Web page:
Previously: Overtoun Bridge.
Guess what? It turns out that there’s a technical term for the act of killing someone during a sleepwalking episode. It’s called homicidal sleepwalking, and the creepy Wikipedia page about it has quite the overview on the most notable alleged cases of it throughout history. Just, y’know, in case the fact that we willingly spend a good portion of our time unconscious and unaware of what we’re doing wasn’t already freaky enough.
To be fair, it’s not a common occurrence; only about 68 cases have been tracked in the literature, according to the BBC, which isn’t many in the grand scheme of things. The Wikipedia page has some brief discussion for 13 of them, but there’s plenty more to find if you go looking.
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Sleepwalking is caused by a sort of glitch during the sleep cycle: It happens when the brain tries to go right from non-REM slow wave sleep, or SWS (that is, very deep sleep), directly to a waking state — without passing through any of the other phases in between. This results in the brain getting sort of “stuck,” as the Wiki page puts it, somewhere between a state of being asleep and being awake.
Of course, exactly why some people then try to kill other people while they’re in this state remains a mystery; we just don’t know what makes the difference yet — and the possibility that we might do something terrible for seemingly no reason is what makes the idea of homicidal sleepwalking so scary.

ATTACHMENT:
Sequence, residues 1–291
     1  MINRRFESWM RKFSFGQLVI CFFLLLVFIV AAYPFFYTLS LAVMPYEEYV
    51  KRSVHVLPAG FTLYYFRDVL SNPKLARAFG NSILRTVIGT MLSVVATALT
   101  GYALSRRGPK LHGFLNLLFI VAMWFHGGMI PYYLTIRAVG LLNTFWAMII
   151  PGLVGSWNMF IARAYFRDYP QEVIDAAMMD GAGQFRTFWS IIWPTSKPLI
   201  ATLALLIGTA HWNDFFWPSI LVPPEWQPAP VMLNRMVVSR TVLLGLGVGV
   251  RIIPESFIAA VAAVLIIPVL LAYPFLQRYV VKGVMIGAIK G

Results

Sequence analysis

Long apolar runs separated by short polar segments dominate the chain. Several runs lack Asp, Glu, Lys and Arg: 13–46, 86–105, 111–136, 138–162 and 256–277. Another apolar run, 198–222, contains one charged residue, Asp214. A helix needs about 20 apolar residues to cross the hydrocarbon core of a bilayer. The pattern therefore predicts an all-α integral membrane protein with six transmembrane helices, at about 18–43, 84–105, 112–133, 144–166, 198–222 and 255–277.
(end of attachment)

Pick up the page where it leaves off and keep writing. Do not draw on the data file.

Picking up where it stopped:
Honestly, it makes sleep scary.
I mean, yes, obviously sleep is a necessity for our good health; indeed, prolonged lack of sleep will ultimately result in death (see also: The creepy Wikipedia page about fatal familial insomnia). But I think homicidal sleepwalking — and sleepwalking in general — taps into a fear that our bodies might occasionally act without our consent. The lack of control is terrifying.
For the curious, though, here are a few suggested resources for learning more:
“The Science Of Sleepwalking” on Smithsonian.com. A brief overview of what we do — and don’t — know about sleepwalking from a scientific standpoint. The 2012 study that serves as the news peg for this piece found that sleepwalking correlates with quite a large number of mental disorders, including depression, alcoholism, and OCD.
“Prevalence And Comorbidity Of Nocturnal Wandering In The US Adult General Population” in Neurology. The 2012 study mentioned above.
“What Happens If You Commit A Murder While Asleep?” by Zackery Crockett. A fairly in-depth overview of what we know about homicidal sleepwalking. If you only read one piece from this list of recommended reading, make it this one.
Sword And Scale: “The Case Of The Homicidal Sleepwalker.” EDIT: I no longer support Sword and Scale.
Supreme Court Judgment: R. v. Parks. The full text of the Supreme Court judgment upholding Parks’ acquittal.
“When Can Killers Claim Sleepwalking As A Legal Defense?” by Jane E. Brody. This New York Times report is old — it’s from 1996 — but it’s an interesting investigation from both the legal and medical perspectives. The two angles really go hand in hand; also, it’s a reminder that context — especially the history of the alleged perpetrator — matters a lot when it comes to the legal rulings.
“While You Were Sleepwalking: Science and Neurobiology of Sleep Disorders & the Enigma of Legal Responsibility of Violence During Parasomnia” in Neuroethics. A more recent examination (from 2015) of the issues addressed by the Times. The conclusion in this case isn’t as lenient; wrote the researchers: